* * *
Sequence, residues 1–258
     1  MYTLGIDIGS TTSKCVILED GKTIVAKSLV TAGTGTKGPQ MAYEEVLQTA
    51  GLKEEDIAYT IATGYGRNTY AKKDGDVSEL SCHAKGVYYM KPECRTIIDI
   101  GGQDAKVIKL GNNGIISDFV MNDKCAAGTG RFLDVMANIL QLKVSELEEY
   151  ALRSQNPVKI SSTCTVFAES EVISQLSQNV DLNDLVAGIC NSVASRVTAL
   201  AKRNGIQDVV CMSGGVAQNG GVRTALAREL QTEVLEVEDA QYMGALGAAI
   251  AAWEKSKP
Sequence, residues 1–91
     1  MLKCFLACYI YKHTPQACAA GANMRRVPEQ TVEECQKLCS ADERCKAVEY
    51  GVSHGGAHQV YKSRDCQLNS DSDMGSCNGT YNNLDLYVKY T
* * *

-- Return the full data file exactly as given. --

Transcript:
Sequence, residues 1–258
     1  MYTLGIDIGS TTSKCVILED GKTIVAKSLV TAGTGTKGPQ MAYEEVLQTA
    51  GLKEEDIAYT IATGYGRNTY AKKDGDVSEL SCHAKGVYYM KPECRTIIDI
   101  GGQDAKVIKL GNNGIISDFV MNDKCAAGTG RFLDVMANIL QLKVSELEEY
   151  ALRSQNPVKI SSTCTVFAES EVISQLSQNV DLNDLVAGIC NSVASRVTAL
   201  AKRNGIQDVV CMSGGVAQNG GVRTALAREL QTEVLEVEDA QYMGALGAAI
   251  AAWEKSKP
Sequence, residues 1–91
     1  MLKCFLACYI YKHTPQACAA GANMRRVPEQ TVEECQKLCS ADERCKAVEY
    51  GVSHGGAHQV YKSRDCQLNS DSDMGSCNGT YNNLDLYVKY T